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Federal judge upholds Colorado's three-day waiting period gun law

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Joe Mueller

(The Center Square) – A federal judge declined to allow a preliminary injunction to stop a new Colorado law requiring a three-day waiting period for firearm purchases.

U.S. District Court Judge John Kane ruled against the Rocky Mountain Gun Owners in their request to pause the law while their lawsuit plays out. The organization successfully halted a new Colorado law prohibiting the sale of firearms to those under 21.

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House Bill 23-1912 established a three-day waiting period for a seller to deliver a firearm to its purchaser. RMGO, a pro-gun advocacy group, and Alicia Garcia, a firearms instructor, filed a 36-page civil lawsuit arguing the law violated the Second Amendment of the U.S. Constitution.

In his 42-page ruling, Judge Kane favored the testimony of academic witnesses who testified in support of the law and was critical of Clayton Cramer, the professor who was a witness for the RMGO.

“I do not give any weight to Professor Cramer’s opinions regarding legal standards or application of the law, as he is not qualified to provide these opinions,” Kane wrote. “I likewise do not consider his many opinions that are irrelevant to the present facts, that are unsupported, or that relate to opinions not provided by Professors (Randolph) Roth and (Robert) Spitzer in this case.”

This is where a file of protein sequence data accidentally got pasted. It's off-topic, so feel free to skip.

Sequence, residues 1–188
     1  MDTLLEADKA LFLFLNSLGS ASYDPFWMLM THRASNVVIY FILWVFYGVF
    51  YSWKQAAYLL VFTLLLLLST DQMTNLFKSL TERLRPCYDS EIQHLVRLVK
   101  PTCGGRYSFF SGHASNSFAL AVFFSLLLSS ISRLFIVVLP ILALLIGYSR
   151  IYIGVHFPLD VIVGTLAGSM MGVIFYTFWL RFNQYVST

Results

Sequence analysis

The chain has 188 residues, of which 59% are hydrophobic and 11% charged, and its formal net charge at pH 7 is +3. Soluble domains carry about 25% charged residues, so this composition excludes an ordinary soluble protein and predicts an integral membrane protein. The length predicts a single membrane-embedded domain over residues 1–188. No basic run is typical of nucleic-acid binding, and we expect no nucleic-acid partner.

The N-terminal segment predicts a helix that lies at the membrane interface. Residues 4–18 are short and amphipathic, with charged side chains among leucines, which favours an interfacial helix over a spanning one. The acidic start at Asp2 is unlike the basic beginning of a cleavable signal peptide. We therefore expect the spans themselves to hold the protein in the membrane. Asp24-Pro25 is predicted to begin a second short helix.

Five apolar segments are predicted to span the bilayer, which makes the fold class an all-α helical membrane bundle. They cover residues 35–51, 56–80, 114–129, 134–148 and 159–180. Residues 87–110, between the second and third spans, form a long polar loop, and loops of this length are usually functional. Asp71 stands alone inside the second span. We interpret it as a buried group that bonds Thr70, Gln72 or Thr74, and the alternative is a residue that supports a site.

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In a footnote, Kane stated Cramer made “ad hominem attacks aimed at Professor Spitzer. … Those attacks make Professor Cramer’s opinions less persuasive, not more. Like his ad hominem attacks, his other antagonistic and inflammatory language undermines his credibility.”

In a media release, RMGO maintained the law is unconstitutional.

“Unfortunately, the radical left’s gun-grabbing agenda is alive and well, as a Jimmy Carter-appointed judge denied RMGO’s request for a preliminary injunction against Colorado’s blatantly unconstitutional 3-day waiting period law in a United States District Court,” the release stated on Monday.

RMGO Executive Director Taylor Rhodes said Kane’s ruling will be appealed.

“Undoubtedly, this is a bump in the road, but we won’t stop fighting for our members until this disastrous waiting period scheme is off the books,” Rhodes said in a statement. “RMGO members shouldn’t lose faith; we still have one more chance at a preliminary injunction via a Tenth Circuit panel, where we have already had success earlier this year.”

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Judge Kane cited previous court cases and academic research in his denial of the injunction.

“With a statistically rigorous study quantifiably illustrating the public safety benefits of a firearm waiting period, I weigh this against the purported harms the Plaintiffs would suffer,” Judge Kane wrote. “Even accepting the harm Plaintiffs describe as entirely true, it is not remotely close. For the sake of clarity, saving approximately 100 people in Colorado this year outweighs the aggregate harm of minimal expenditures of time and sacrificed business opportunities.”

In addition to the constitutional argument, Garcia, the firearms instructor, argued the waiting period is dangerous.

“It's truly ridiculous,” Garcia said in a statement. “I was forced to wait three days to take possession of a firearm I lawfully own. This law leaves countless women, like me, defenseless and could lead to unnecessary loss of life."